Financial Inclusion plays vital role in reduction of poverty, inequality and stimulation of job creation

May 29, 2013

JOHANNESBURG May 29, 2013 – Conditions in global financial market have eased considerably since mid-2012, reflecting further monetary stimulus provided by high-income country (and many developing countries) central banks, improved fiscal sustainability in developed countries and the establishment of mutual support mechanisms in the European Union. Global economic recovery, however, remains fragile, susceptible to downside risks, and more uneven across country groupings: with stronger recovery anticipated for the US and Japan than for the EU, and return to robust growth (although still below the pre-crisis levels) in the large emerging markets.

Against the backdrop of subdued external demand subject to significant downside risks and a domestic investment climate weakened in particular by labor strife, medium-term growth prospects for South Africa have been revised down, from a projected 3.2 percent for 2013 in the July 2012 Economic Update to 2.5 percent currently,” said Sandeep Mahajan, World Bank Lead Economist.

The slowdown has put into sharper focus the key structural challenges facing South Africa in its quest to achieve higher and more inclusive growth. Among them is the expansion of access to financial services for both individuals and small enterprises, which, according to the “South Africa Economic Update, focusing on Financial Inclusion,” report released by the World Bank today, could help reduce poverty and inequality and stimulate job creation in South Africa.

There are 12 million unbanked people in South Africa and the phenomenon of financial exclusion extends to millions more who are under-banked. This is despite the fact that along the modes-of-access indicators of financial inclusion, South Africa is more in line with high income countries than developing countries.

“The transformative power of financial inclusion in South Africa should not be underestimated. Improved access to finance by poor households and micro enterprises can unlock income earning opportunities and self-reliance for many”. said Asad Alam Country Director for South Africa. .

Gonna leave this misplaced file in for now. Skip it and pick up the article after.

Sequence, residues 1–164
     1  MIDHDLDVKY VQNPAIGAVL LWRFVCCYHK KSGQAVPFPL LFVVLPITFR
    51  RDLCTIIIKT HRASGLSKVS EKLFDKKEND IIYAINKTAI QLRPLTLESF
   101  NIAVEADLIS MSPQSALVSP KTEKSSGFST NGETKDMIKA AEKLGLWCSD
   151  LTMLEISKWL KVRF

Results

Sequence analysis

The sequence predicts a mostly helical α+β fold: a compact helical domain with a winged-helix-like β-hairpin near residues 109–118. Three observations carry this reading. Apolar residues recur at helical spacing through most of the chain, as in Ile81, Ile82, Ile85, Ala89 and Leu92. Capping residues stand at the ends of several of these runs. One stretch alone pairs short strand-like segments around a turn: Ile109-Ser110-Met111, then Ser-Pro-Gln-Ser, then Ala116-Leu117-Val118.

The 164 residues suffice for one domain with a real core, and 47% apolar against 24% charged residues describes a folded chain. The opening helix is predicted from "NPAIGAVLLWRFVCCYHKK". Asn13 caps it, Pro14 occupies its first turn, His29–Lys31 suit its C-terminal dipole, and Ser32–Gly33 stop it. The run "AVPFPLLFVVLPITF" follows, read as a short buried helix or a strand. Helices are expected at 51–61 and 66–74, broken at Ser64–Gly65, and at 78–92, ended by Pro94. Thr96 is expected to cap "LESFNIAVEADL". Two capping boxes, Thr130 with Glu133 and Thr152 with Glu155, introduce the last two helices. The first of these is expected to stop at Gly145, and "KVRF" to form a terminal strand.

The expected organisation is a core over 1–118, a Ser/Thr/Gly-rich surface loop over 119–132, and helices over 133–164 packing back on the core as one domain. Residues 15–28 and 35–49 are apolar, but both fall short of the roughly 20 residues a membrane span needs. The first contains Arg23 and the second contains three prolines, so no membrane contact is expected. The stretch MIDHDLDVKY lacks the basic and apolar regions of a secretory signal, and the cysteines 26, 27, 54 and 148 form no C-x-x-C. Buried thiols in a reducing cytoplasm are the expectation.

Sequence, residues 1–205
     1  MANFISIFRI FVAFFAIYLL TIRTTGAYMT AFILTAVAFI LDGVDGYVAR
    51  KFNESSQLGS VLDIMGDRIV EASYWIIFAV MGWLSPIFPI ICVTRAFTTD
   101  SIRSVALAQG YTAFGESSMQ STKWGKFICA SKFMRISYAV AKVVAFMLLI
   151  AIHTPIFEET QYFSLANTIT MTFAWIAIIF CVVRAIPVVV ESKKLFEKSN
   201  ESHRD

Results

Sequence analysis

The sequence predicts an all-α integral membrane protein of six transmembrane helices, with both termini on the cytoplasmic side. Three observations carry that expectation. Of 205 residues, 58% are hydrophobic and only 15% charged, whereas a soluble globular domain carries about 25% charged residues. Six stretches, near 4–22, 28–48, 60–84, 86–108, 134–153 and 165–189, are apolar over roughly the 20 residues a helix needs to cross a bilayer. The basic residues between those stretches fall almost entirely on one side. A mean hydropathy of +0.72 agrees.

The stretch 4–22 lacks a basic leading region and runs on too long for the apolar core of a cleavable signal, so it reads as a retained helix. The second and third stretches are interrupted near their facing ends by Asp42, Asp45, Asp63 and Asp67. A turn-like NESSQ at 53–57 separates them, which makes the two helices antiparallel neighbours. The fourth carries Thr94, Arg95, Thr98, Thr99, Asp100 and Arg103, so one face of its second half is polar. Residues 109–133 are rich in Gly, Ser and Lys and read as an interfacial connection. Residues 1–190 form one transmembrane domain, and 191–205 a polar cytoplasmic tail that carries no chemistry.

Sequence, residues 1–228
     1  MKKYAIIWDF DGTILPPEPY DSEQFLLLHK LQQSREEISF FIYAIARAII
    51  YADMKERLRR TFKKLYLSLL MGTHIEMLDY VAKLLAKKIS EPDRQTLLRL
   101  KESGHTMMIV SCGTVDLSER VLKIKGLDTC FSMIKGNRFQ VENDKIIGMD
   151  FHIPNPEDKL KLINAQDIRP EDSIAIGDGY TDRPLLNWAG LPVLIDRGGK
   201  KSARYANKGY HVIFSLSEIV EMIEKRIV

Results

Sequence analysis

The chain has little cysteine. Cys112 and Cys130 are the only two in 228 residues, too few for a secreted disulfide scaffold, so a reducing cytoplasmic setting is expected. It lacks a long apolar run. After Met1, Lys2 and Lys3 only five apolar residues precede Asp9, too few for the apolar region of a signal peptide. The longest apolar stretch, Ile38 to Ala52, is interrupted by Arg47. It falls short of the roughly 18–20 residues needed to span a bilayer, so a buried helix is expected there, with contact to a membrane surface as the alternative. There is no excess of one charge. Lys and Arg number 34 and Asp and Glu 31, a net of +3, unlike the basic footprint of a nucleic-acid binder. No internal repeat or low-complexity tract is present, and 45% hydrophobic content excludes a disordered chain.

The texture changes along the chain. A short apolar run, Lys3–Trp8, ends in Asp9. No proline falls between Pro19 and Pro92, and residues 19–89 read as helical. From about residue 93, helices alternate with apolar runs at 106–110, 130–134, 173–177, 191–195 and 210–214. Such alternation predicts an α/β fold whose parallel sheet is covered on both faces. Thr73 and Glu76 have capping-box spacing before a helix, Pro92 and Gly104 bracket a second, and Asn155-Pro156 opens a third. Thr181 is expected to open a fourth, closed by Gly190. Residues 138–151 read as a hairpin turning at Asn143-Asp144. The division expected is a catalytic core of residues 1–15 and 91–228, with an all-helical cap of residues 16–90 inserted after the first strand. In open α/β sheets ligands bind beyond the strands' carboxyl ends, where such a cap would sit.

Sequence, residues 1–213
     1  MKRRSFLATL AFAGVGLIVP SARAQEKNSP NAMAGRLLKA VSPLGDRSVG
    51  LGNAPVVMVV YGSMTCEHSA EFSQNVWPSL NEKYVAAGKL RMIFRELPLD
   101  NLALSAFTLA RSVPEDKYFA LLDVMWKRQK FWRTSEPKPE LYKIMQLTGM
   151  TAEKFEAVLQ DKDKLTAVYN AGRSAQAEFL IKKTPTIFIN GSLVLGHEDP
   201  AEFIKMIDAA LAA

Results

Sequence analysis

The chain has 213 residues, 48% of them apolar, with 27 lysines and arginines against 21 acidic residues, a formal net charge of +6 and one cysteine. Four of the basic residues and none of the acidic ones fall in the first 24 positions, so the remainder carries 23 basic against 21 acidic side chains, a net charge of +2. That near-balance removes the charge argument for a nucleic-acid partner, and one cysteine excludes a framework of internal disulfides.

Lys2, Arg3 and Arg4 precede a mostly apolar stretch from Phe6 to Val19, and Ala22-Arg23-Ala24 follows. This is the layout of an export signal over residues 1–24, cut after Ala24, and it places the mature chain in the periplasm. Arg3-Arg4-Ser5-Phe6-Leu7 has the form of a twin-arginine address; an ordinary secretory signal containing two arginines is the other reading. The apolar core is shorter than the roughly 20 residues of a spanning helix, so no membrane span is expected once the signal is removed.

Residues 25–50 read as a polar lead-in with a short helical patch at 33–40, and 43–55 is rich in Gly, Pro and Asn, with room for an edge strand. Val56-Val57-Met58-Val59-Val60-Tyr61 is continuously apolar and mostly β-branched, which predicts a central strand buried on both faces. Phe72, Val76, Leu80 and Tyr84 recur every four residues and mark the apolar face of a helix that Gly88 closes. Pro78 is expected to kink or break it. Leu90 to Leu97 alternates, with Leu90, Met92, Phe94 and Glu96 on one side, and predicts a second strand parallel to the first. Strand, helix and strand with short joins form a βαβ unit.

This report analyzes South Africa’s financial inclusion landscape, with a particular focus on formal payments, savings and credit. Its main messages are:

  • Financial inclusion is important for growth and reducing inequality and poverty – in South Africa and across the developing world.
  • On an aggregate basis, access to financial services in South Africa seems strong. However, the aggregate picture masks significant inequalities in access. In part, financial inclusion reflects the duality of the South African economy.
  • Supply-side issues play a major role – particularly inadequate competition in the banking sector, near absence of microfinance institutions, and inordinate emphasis on payroll lending.
  • Aspects of the regulatory environment may play a role, although they do not only serve financial inclusion purpose.
  • The presence of highly developed financial infrastructure as well as mobile technology offer exciting opportunities for expanding financial inclusion.

“Global experience shows that less endowed segments of the population are best serviced by specialized institutions with a cost structure and business model adapted to their needs,” said Michael Fuchs, World Bank Advisor on Finance and Private Sector Development, Africa Region. “As such, there could be high payoff from introducing a tiered licensing system that opens the market to institutions that can service unbanked and underbanked individuals and small and microenterprises.”

Furthermore, the report argues that the entrance of new banks has demonstrated how greater competition can enhance product choice and reduce customer choice. It cites case studies from countries with comparable economies to show potential approaches that South Africa might consider for enhancing financial inclusion.

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